Please use this identifier to cite or link to this item: https://ahro.austin.org.au/austinjspui/handle/1/13366
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dc.contributor.authorElliott, S Len
dc.contributor.authorMorgan, Denis Jen
dc.contributor.authorAngus, Peter Wen
dc.contributor.authorGhabrial, Hanyen
dc.contributor.authorWatson, R Gen
dc.contributor.authorSmallwood, R Aen
dc.date.accessioned2015-05-16T03:12:15Z
dc.date.available2015-05-16T03:12:15Z
dc.date.issued1993-02-09en
dc.identifier.citationBiochemical Pharmacology; 45(3): 573-8en
dc.identifier.govdoc8442756en
dc.identifier.otherPUBMEDen
dc.identifier.urihttp://ahro.austin.org.au/austinjspui/handle/1/13366en
dc.description.abstractWe investigated, using the single-pass isolated perfused rat liver preparation, whether the centrilobular location of hepatic oxidative drug metabolism could be a contributing factor to the marked sensitivity of drug oxidation to hypoxia. Livers (N = 7) were each perfused for 130 min with 2 micrograms/mL (+)-propranolol, a drug metabolized almost entirely by oxidation in the rat. The direction of flow was reversed after 60 min, the order of flow direction being randomized. Normal oxygenation was used during the first 30 min of antegrade and of retrograde perfusion, but in the second 30 min perfusate was equilibrated with a N2/O2 mixture designed to reduce hepatic oxygen delivery by half. During normal oxygenation there was no significant difference between antegrade and retrograde perfusion in hepatic oxygen delivery and physiological parameters such as oxygen consumption and extraction, perfusion pressure and bile flow. During hypoxia, mean oxygen delivery was slightly lower with retrograde perfusion (retrograde: mean = 2.37 mumol/min/g liver, range = 1.56-3.17; antegrade: mean = 2.90 mumol/min/g liver, range = 1.96-4.08; P = 0.04), but there was no significant difference in physiological parameters within each liver (P > 0.05). Propranolol clearance during normal oxygenation was similar to the perfusion rate (10 mL/min) and was the same for both directions of perfusion (antegrade 9.88 +/- 0.07 mL/min, retrograde 9.88 +/- 0.13 mL/min, P > 0.05). Hypoxia reduced propranolol clearance substantially, but the decrease was significantly greater with antegrade perfusion (5.65 +/- 1.89 mL/min) than with retrograde perfusion (6.76 +/- 1.95 mL/min, P = 0.014). Oxidative drug metabolism is located primarily in the centrilobular zone and sinusoidal oxygen concentration is lowest in the "downstream" zone with both antegrade and retrograde perfusion. These findings suggest that the centrilobular location of propranolol metabolism may influence the effect of hypoxia on propranolol elimination, but is not a major contributor to the marked sensitivity of propranolol elimination to hypoxia antegrade perfusion.en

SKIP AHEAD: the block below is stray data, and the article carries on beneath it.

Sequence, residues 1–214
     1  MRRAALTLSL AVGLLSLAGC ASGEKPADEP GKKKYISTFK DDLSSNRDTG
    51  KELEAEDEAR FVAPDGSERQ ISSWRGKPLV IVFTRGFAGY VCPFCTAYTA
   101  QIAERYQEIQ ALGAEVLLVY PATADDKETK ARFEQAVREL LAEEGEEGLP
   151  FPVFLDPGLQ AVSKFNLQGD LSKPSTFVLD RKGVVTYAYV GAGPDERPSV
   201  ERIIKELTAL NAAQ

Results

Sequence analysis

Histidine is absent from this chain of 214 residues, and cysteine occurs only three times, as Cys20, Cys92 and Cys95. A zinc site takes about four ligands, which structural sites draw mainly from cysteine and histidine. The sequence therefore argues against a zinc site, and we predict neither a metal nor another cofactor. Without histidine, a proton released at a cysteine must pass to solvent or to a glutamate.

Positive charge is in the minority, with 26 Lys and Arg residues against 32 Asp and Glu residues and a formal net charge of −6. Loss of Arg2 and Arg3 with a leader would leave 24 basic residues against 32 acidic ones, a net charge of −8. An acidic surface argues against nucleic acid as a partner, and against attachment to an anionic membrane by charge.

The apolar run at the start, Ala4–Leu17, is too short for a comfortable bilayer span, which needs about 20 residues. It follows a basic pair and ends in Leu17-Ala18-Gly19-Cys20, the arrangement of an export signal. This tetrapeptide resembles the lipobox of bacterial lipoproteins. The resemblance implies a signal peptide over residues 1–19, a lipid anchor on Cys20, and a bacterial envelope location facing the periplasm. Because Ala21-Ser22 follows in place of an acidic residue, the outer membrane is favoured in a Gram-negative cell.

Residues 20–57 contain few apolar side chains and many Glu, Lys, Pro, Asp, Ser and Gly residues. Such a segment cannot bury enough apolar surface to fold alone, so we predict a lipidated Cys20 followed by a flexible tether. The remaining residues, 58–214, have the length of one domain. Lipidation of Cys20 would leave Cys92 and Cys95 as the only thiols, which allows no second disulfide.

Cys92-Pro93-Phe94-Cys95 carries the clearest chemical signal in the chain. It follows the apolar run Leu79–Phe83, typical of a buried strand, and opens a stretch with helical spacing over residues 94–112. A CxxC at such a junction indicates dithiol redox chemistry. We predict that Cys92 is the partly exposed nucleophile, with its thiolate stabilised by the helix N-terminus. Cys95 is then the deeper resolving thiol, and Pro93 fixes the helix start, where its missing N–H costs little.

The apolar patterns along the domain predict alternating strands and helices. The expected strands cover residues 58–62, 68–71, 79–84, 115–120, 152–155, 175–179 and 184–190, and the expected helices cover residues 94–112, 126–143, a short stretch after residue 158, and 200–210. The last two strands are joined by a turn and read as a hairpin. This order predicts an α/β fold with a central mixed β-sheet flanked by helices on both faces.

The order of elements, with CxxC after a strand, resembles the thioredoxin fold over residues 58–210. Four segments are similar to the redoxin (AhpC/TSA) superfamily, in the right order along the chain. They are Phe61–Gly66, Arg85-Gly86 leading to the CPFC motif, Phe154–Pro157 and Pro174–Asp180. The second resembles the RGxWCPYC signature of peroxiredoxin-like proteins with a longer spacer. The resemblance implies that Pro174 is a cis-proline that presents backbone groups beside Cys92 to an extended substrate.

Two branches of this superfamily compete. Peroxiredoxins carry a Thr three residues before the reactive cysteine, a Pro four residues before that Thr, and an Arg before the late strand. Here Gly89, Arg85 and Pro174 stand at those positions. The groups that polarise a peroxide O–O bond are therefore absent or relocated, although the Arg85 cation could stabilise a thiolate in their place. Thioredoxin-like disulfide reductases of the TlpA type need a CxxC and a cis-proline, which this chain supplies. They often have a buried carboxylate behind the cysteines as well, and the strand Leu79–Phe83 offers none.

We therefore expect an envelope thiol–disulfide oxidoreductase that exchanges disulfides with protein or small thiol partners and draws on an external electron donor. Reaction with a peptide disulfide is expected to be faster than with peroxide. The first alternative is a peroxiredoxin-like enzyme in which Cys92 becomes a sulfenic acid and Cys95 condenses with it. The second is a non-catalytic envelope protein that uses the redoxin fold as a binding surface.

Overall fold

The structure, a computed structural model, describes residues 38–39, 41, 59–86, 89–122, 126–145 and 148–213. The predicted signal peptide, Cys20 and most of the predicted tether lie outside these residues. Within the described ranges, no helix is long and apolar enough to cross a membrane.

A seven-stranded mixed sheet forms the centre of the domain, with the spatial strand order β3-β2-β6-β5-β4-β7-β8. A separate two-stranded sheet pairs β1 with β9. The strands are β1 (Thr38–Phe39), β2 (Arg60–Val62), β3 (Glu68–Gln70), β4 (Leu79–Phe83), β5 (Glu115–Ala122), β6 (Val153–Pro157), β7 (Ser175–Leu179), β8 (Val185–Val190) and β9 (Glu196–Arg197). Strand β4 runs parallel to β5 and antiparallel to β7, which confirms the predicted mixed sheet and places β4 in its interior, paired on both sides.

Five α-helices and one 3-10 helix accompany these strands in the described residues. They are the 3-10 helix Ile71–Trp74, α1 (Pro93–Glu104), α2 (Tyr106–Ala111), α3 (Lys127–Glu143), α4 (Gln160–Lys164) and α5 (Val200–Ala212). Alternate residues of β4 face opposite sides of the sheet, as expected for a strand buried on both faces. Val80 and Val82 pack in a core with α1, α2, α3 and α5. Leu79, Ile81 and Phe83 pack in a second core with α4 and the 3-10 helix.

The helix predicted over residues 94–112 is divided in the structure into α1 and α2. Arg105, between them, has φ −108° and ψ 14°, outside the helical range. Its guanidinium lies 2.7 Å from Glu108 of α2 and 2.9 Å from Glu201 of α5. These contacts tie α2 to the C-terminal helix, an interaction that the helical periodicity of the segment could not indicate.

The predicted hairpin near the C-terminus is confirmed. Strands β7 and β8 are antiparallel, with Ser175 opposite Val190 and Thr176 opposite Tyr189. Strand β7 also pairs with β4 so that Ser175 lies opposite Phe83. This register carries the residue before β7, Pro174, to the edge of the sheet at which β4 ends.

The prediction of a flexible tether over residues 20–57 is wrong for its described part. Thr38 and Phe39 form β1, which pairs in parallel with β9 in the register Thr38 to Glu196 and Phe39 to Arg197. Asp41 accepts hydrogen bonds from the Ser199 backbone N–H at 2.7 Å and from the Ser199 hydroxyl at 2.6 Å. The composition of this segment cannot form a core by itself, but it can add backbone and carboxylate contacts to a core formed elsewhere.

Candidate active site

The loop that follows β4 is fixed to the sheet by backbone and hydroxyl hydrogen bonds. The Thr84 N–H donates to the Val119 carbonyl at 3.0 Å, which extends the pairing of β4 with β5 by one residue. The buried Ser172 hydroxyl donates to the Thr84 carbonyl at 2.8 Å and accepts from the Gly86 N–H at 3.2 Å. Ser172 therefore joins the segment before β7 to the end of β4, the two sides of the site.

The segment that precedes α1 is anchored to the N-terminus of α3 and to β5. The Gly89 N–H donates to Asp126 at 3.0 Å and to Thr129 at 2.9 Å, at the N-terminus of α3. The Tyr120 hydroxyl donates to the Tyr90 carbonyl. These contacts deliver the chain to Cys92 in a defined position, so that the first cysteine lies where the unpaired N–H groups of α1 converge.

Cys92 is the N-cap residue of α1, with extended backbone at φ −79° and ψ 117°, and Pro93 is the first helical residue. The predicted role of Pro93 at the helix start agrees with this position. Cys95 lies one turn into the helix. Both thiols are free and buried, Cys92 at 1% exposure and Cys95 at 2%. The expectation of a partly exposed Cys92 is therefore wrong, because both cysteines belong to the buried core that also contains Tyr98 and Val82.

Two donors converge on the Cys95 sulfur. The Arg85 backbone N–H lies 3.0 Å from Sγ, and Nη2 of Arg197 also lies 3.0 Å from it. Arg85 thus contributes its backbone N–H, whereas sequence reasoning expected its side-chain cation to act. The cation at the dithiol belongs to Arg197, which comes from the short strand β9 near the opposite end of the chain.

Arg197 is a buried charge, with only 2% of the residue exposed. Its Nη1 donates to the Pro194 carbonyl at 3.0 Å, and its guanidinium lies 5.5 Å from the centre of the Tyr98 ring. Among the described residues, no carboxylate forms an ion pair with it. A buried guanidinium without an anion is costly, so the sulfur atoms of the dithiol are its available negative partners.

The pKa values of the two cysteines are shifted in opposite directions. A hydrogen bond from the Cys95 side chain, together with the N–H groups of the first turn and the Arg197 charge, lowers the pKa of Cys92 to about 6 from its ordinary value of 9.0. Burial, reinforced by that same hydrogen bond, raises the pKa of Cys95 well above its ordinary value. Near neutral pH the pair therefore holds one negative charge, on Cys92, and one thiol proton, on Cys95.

dc.language.isoenen
dc.subject.otherAnimalsen
dc.subject.otherAnoxia.metabolismen
dc.subject.otherLiver.metabolismen
dc.subject.otherMaleen
dc.subject.otherOxygen.metabolism.pharmacologyen
dc.subject.otherOxygen Consumptionen
dc.subject.otherPerfusionen
dc.subject.otherPropranolol.pharmacokineticsen
dc.subject.otherRatsen
dc.subject.otherRats, Sprague-Dawleyen
dc.titleThe effect of hypoxia on propranolol clearance during antegrade and retrograde flow in the isolated perfused rat liver preparation.en
dc.typeJournal Articleen
dc.identifier.journaltitleBiochemical pharmacologyen
dc.identifier.affiliationUniversity of Melbourne, Department of Medicine, Heidelberg Repatriation Hospital, Australiaen
dc.description.pages573-8en
dc.relation.urlhttps://pubmed.ncbi.nlm.nih.gov/8442756en
dc.type.austinJournal Articleen
item.languageiso639-1en-
item.openairecristypehttp://purl.org/coar/resource_type/c_18cf-
item.fulltextNo Fulltext-
item.openairetypeJournal Article-
item.cerifentitytypePublications-
item.grantfulltextnone-
crisitem.author.deptVictorian Liver Transplant Unit-
crisitem.author.deptGastroenterology and Hepatology-
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